Ahwazi football fans in the Ahwaz region were beaten and attacked with tear gas and batons on Monday by Iranian regime security forces in retaliation for showing their support for protesters in Iraq and for raising Iraqi flags at a football match in the region’s capital city, Ahwaz. Dozens of the fans were injured in the vicious assaults by the regime personnel, with three arrested for holding up Iraqi flags and banners in support of the revolutions in the region.
The young Ahwazi fans were beaten and attacked with tear gas
During the game between the Ahwazi Foolad team and the Perspolis team from Tehran, the Ahwazi fans chanted slogans in support of the protests in Iraq and held up banners with messages like ‘From Ahwaz to Tahrir Square in Baghdad… Our Hearts Are With You Against Iran’s Regime’. Another banner bore the slogan being used by Ahwazis on social media to voice their support for the protests: #Awazis_Support_Iraq_and_Lebanon.
The protests were the latest expression of support by the Ahwazi people for Arab revolutionaries across the region rising up for freedom, with Ahwazis themselves risking arrest, torture, and imprisonment, and many activists being executed on fabricated charges, simply for demonstrating against the Iranian regime’s brutality and anti-Arab racism and demanding freedom and basic human rights. Although Ahwazis have protested for decades against the Iranian regime’s continuing brutal colonisation of the formerly autonomous Arab emirate, first annexed by Shah Reza Pahlavi in 1925, and the regime’s racist anti-Arab abuse of the Ahwazi people, this is the first time that Iranian colonialism has been a central feature of region-wide demonstrations.
The #Ahwazis_Support_Iraq_and_Lebanon hashtag quickly went viral on social media across the region, where the Iranian regime’s efforts to suppress protests with mass arrests have failed to quell public anger at years of brutal persecution and neglect by the theocratic regime in Tehran.
Speaking on condition of anonymity to avoid being targeted by the regime, activists in Ahwaz told the the Dur Untash Studies Centre (DUSC) that they plan to expand the scope of the protests and to reach out to and interact with Iraqi and Lebanese activists to express support and solidarity for their revolutions, adding that these uprisings demonstrate the collapse of the Iranian regime’s expansionist sectarian project. Ahwazis have also been circulating videos on social media expressing their rejection of the visit to Iraq by General Qassem Suleimani, the commander of the elite Al Quds Brigade, a senior unit of the regime’s Islamic Revolutionary Guards Corps’ (IRGC) elite Al Quds Brigade, who’s heading the Tehran-affiliated sectarian Iraqi militias’ brutal efforts to crush the protests. Suleimani also heads the Iranian regime’s military operations in Syria, Yemen and across the region.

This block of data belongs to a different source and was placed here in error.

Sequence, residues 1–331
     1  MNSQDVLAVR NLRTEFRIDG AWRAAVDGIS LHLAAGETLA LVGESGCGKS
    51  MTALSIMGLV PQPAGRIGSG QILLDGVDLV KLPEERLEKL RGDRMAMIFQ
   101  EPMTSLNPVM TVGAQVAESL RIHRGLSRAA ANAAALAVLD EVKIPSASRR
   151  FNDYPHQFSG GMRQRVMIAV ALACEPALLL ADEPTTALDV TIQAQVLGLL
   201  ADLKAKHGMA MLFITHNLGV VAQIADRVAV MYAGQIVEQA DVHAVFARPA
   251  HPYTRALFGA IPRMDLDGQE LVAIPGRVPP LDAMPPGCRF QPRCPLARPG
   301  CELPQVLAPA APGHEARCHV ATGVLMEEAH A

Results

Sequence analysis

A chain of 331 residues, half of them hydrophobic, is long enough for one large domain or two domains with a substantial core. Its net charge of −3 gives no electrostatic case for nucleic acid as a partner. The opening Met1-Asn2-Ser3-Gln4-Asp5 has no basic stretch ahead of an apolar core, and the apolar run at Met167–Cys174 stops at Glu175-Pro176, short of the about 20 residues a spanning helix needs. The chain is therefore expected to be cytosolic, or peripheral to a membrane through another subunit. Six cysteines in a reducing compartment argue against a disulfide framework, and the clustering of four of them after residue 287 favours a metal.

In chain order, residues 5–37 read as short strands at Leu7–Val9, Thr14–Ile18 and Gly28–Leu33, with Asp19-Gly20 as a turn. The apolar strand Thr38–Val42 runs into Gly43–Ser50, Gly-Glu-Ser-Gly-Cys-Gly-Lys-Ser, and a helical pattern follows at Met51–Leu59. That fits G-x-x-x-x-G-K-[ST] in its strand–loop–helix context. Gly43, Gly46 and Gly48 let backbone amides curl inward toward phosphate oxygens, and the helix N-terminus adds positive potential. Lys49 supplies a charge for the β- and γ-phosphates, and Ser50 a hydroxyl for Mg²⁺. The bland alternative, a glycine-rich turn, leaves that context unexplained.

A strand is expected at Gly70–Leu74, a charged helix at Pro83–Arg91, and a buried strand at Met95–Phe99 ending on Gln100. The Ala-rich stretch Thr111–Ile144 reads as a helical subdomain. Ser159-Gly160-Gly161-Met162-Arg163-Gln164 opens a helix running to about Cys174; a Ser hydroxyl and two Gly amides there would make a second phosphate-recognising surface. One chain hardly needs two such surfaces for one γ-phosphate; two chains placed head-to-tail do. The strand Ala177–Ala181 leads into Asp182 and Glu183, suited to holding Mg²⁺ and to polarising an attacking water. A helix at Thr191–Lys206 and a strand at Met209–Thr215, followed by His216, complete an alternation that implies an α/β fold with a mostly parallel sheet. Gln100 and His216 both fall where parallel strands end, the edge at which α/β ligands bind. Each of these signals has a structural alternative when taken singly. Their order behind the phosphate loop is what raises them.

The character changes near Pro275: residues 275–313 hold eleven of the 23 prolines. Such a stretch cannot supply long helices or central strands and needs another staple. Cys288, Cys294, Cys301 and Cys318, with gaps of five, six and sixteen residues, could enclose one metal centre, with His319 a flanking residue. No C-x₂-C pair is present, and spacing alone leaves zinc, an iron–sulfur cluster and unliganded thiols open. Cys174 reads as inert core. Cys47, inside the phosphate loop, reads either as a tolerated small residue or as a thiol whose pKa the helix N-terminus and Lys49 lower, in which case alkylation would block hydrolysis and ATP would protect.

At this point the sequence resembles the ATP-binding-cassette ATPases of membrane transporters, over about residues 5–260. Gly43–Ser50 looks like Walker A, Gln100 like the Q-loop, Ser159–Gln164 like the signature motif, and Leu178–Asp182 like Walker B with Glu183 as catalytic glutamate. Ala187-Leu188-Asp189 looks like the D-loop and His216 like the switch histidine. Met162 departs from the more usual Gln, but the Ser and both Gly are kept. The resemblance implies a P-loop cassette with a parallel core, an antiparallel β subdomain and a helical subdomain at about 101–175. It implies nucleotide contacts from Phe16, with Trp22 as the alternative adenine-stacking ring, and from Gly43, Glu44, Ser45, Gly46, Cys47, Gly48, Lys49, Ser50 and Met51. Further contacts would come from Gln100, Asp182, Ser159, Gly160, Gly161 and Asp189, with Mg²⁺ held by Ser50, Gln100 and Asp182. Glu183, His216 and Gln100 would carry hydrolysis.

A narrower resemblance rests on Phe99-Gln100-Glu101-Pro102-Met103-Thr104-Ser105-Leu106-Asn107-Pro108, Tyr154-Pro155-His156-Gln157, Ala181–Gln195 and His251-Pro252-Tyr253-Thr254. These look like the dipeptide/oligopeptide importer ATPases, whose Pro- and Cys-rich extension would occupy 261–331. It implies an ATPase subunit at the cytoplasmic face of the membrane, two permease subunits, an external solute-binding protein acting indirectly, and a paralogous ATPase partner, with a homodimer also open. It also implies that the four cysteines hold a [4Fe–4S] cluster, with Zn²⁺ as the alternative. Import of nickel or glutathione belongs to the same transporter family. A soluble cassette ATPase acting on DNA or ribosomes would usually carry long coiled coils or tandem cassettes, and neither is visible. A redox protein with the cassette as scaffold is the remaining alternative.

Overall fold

This is not the first such protest in solidarity with the ongoing protests in Iraq and Lebanon at a football match in Ahwaz, with fans of the Ahwaz Foolad team also unfurling an Iraqi flag at another recent match against an Iranian team in the capital a few days ago, a particularly potent message during a match against an Iranian team from Tehran.
Following Monday’s match, regime security forces attacked the supporters as they left the stadium in retaliation for their peaceful expressions of solidarity for Iraqi and Lebanese protesters, using tear gas and electric cattle prods as well as shooting in the air and physically assaulting the mostly young people, with dozens injured in the brutal attacks. The security forces, who arrested three of the fans for the ‘crime’ of holding up Iraqi flags and placards in support of the Iraqi and Lebanese revolutions, were apparently particularly incensed by fans chanting “We from Ahwaz, with our blood and souls, support your struggle against Iranian colonialism.”
Rahim Hamid is an Ahwazi author, freelance journalist and human rights advocate. You can follow him on his twitter account: https://twitter.com/samireza42
The opinions expressed in this article belong to the author and do not necessarily reflect the editorial policy of the Dur Untash Studies Centre.